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My background is in web programming, mostly scripting with Perl. And I've recently been tasked with creating a desktop application. I'm wondering, where can one learn such concepts like making executables, what DLLs are for, how UIs are made, what threads are, etc.

I already have C# in Depth by Jon Skeet and C# in a Nutshell. I'm not worried about learning C# itself as much as I am learning about the workflows involved with using it on the desktop, things that are typically not done in web development.

Where should I look?

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What web programming experience do you have? ASP.NET? –  Will Eddins Aug 3 '09 at 13:42
Added to OP. Thx! –  Mark Canlas Aug 3 '09 at 15:39

10 Answers 10

up vote 5 down vote accepted

One starting point would be WindowsClient.net (Microsoft). Lots of videos too. But maybe a little less suited for the absolute beginners.

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My google-fu fails! I've been writing .Net desktop apps for the last 3 years and never ran into that site! –  Greg D Aug 3 '09 at 13:56

I only recently began learning C# myself - so I have quite the array(... ;) ) of links:

C-Sharp Corner
CSharp Friends
CSharp Help
CSharp for absolute beginners - Very good

Hope these help.

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You're so sharp. –  falcontoast Sep 1 '12 at 16:55

A good place to start would be to read MCTS Exam 70-546 Windows-based client development, then read 70-548 Designing and Developing Windows-based application. After that, you will probably need to read books focused on the specific technologies your app will use.

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Surprised no one has answered this yet:

Programming Windows With C#, by Charles Petzold. Great book, easy read. Example based, but well organized for people that want to jump directly to a particular topic. He actually explains what's going on in each example, and why he's doing what he's doing. Really, a great resource.

(Note: this is a Windows Forms book...no WPF. Great for what it does, but if you're looking for WPF, look elsewhere.)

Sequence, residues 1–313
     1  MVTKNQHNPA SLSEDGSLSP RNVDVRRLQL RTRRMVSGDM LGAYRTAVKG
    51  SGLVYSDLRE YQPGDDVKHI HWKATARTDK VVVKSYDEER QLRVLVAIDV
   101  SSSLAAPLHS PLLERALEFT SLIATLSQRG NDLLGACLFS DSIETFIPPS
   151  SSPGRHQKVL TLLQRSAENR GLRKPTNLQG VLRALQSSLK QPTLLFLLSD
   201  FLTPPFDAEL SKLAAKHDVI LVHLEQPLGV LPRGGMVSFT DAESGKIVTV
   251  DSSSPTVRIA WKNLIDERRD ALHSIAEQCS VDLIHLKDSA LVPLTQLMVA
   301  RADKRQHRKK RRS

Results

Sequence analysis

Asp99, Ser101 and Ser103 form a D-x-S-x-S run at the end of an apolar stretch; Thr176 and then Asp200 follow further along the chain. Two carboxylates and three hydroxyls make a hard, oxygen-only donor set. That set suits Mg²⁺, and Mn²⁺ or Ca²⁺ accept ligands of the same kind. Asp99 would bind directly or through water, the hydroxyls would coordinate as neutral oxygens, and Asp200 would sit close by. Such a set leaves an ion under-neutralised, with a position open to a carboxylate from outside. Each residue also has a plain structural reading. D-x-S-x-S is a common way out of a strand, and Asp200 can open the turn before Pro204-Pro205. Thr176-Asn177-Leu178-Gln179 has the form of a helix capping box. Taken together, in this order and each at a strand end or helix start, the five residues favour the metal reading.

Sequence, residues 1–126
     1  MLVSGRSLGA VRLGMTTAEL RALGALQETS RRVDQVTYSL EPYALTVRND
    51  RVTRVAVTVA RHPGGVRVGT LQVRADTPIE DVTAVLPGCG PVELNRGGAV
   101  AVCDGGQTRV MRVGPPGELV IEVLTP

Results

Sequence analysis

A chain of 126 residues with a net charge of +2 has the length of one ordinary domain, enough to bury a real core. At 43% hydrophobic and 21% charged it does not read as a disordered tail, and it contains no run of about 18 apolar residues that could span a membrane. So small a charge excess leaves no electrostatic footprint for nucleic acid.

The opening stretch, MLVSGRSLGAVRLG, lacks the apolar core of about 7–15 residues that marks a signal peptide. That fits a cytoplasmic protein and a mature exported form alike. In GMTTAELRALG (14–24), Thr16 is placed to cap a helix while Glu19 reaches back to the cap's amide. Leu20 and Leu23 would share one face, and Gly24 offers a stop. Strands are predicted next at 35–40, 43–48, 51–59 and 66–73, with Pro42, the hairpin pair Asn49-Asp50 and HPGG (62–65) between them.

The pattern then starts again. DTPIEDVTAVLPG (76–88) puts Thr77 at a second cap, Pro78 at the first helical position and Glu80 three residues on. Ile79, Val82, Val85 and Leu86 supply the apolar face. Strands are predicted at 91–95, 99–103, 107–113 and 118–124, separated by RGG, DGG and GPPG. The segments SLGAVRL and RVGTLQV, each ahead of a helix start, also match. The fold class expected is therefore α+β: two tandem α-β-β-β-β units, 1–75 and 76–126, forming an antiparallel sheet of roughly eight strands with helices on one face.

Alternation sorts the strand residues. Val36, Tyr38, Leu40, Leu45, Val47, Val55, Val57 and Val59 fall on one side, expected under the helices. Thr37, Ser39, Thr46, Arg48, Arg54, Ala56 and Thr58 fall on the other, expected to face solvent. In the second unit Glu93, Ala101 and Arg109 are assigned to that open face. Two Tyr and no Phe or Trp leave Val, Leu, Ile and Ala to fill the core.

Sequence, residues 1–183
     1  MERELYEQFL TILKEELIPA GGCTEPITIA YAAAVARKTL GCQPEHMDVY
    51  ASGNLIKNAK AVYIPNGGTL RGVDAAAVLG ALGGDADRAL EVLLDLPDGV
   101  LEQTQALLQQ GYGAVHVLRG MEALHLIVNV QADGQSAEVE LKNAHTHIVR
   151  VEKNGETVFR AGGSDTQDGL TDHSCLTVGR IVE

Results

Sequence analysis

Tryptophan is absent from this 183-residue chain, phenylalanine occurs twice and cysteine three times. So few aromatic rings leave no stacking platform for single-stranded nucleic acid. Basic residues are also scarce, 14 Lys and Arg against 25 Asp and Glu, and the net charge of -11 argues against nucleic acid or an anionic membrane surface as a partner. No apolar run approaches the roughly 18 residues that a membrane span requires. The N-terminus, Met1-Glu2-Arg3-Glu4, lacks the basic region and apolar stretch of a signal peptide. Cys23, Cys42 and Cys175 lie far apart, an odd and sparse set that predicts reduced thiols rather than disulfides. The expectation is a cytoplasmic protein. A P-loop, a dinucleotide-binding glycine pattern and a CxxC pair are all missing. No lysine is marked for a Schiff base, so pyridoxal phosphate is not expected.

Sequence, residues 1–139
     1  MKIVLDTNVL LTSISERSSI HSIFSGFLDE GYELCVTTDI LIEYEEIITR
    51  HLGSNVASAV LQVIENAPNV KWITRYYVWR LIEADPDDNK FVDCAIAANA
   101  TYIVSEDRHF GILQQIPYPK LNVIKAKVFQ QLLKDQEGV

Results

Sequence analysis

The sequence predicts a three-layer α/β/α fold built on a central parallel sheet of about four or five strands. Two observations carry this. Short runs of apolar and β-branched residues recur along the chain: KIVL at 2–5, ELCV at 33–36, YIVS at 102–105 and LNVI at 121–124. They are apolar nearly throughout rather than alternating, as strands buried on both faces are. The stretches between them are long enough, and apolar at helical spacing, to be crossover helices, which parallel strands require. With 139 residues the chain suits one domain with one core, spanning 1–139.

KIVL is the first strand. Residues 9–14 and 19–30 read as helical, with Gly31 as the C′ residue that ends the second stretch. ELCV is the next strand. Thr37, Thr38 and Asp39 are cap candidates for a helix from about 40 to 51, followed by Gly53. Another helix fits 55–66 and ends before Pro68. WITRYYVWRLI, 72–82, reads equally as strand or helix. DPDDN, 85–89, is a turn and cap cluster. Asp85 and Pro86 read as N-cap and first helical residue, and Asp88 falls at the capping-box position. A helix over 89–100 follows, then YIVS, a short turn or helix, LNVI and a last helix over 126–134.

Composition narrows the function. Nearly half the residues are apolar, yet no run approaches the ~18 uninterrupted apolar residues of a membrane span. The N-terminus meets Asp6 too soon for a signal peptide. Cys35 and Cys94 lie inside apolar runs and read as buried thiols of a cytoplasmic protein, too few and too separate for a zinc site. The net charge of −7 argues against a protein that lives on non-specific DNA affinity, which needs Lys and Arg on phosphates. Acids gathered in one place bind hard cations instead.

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From what I hear and the little I have read of it Chris Sells's book on WinForms would be useful that. If I am not mistaken he has also done a book on WPF, but I don't know if it is any good.

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Check Windows Developer Training Resources and for sure you will need the help of a book and some videos

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You can start by building a new project in Visual Studio and selecting the one of the project templates under C#\Windows. This will build a simple application so you can see the basic elements of the project. For example select 'Windows Forms Application' this will start you off with a form where you can drag and drop additional page elements. You can then use Intellisence to explore the options on the controls. Also load the sample projects so you can see working examples. That's how I would do it.

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I recommend you the C# Yellow Book (Rob Miles) it's free and very useful to learn C# basics fast.

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For learning .NET application development (the only way people should write apps on windows boxes without requirements otherwise), start with the excellent book CLR Via C# by Jeffrey Richter. Save the first couple chapters for later. You'll get everything you need to know about C# and the 2.0 CLR, which is the basis of all .NET application development (in C#, anyhow.)

Once you're done with that, look into Linq. Linq covers a number of different language feature updates that came in 3.0 and 3.5 versions of the framework and their associated language updates. With the basics + a good understanding of Linq, you'll be creating decent apps in no time.

Now, for which framework to use when constructing desktop apps: Winforms, or WPF.

If you're a web developer, throw that old winforms crap away and get with WPF. You'll feel much more comfortable with editing WPF forms in xaml than dealing with winforms.

The best thing about WPF is the amazing databinding support. In fact, the WPF version of MVC is based on the databinding support in WPF.

Check out the databinding cheat sheet, then learn about MVVM.

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Good advice, but not an answer to the question. –  Henk Holterman Aug 3 '09 at 14:29
Aaah, yes, you're right. I saw "web developer" and "desktop application" and assumed he was an ASP.NET developer. He needs more than just which framework to use. Updated answer. –  Will Aug 3 '09 at 16:45

Old question, but i had to learn the same thing recently. I got the Visual C# 2012 step by step book. It teaches C# along with WPM. A good way to learn.

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